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Oliver's Cafe Hosts Culinary Trips Around the World

By Casey Cora | May 8, 2014 6:45am
 Bridgeport chef Oliver Valenzuela dreams up new feasts each week at his BYOB restaurant.
Oliver's Cafe
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BRIDGEPORT — Oliver Valenzuela began his culinary career in his parents' restaurant, a small outpost in a Guatemalan farm village.

"That's how I got my palate," he said.

Today, the 52-year-old chef, who's cooked for presidents and astronauts in high-end kitchens inside luxury hotels, presides over Oliver's Cafe, his 1½-year-old BYOB bistro on 31st Street.

"We're still in the process of getting known. You get up, you get down. You don't really know what you're getting into until you try. So far I can't complain." he said.

Casey Cora introduces us to the chef behind Oliver's Cafe:

His latest idea to bring in guests is a weekly international night, when he prepares from-scratch feasts inspired by a particular country. Already Valenzuela has served up Italian, Mexican and Argentinean specials.

Next week, it's the Bay of Biscay region between France and Spain. Expect tapas.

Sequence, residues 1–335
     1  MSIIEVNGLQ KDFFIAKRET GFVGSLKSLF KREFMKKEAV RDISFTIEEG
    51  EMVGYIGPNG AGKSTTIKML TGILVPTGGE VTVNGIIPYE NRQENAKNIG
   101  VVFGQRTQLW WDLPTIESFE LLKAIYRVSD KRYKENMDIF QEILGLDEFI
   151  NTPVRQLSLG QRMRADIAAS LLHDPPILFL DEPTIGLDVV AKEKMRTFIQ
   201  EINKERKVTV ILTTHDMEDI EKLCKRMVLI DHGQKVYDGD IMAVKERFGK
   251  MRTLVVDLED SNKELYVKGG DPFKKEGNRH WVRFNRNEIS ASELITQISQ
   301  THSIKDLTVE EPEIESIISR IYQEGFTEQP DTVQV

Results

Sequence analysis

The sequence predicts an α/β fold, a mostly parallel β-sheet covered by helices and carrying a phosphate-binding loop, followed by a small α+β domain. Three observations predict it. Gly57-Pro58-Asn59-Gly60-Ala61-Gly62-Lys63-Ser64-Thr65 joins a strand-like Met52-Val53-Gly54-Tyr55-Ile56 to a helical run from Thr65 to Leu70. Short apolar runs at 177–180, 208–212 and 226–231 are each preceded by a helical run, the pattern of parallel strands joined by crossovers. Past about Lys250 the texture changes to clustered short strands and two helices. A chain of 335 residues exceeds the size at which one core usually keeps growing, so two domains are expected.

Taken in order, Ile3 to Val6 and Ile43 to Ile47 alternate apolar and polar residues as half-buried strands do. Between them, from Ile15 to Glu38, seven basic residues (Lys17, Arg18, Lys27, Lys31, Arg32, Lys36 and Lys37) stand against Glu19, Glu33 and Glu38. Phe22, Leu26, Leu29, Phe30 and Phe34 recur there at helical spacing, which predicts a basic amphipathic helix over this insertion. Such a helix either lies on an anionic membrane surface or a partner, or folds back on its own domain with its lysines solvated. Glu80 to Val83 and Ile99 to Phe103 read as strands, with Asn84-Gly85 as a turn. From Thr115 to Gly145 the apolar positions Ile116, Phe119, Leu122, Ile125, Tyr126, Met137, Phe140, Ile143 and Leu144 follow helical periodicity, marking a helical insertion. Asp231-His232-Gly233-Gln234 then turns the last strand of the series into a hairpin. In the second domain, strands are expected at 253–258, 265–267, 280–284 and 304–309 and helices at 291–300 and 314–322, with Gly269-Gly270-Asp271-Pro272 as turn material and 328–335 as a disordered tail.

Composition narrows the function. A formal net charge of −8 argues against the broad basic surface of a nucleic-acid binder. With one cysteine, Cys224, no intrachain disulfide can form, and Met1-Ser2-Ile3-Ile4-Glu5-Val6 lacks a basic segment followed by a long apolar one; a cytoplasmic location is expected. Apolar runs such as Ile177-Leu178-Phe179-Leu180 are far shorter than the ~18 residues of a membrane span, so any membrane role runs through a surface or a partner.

The weekly specials take place on Wednesdays. The restaurant's regular menu — pastas, seafood and beef entrees and the beloved seared scallops appetizer — is also available on those nights.

None of the weekly multi-course specials have been priced above $30 per person. That the restaurant has a BYOB policy with no corkage fee has certainly helped entice new patrons.

"To have BYOB in this type of restaurant, people appreciate it," he said.

Opening the restaurant in Bridgeport, where Valenzuela has lived since moving to Chicago in 1986, was a leap of faith.

His training in the New York City's Waldorf Astoria, Chicago's Palmer House and a New Orleans Hilton — and top chef gigs at the fancy Women's Athletic Club of Chicago and Green Acres Country Club — likely wouldn't translate to the largely blue-collar Bridgeport area.

Many of the restaurant's guests are from Downtown, the South Loop and Hyde Park areas, he said.

Now, he's trying to court more diners from the neighborhood with a planned takeout service, Sunday family-style dinners and new lunch hours, where he'll take down the bistro's cloth napkins from the tables and focus on quick foods including wraps and salads.

Valenzuela is the type of chef who likes to cook on a whim, which has led to other weekly specials. One week there's a whole roasted pig special, another week it's a seafood spectacular.

His Sunday brunch menu is a carefully created selection of indulgent choices, like a pork carnitas plate topped with poached eggs, baby arugula and chipotle hollandaise, seared ahi tuna entree and a braised short rib sandwich.

It's the type of style Valenzuela said keeps him on his toes.

"I'll do these [specials] until I find something more exciting to do," he said.

Oliver's Cafe, 451 W. 31st St., is open 4:30-9:30 p.m. Tuesdays to Saturdays and 10 a.m.-9:30 p.m. Sundays. Closed Mondays. Free parking is available; check with host station.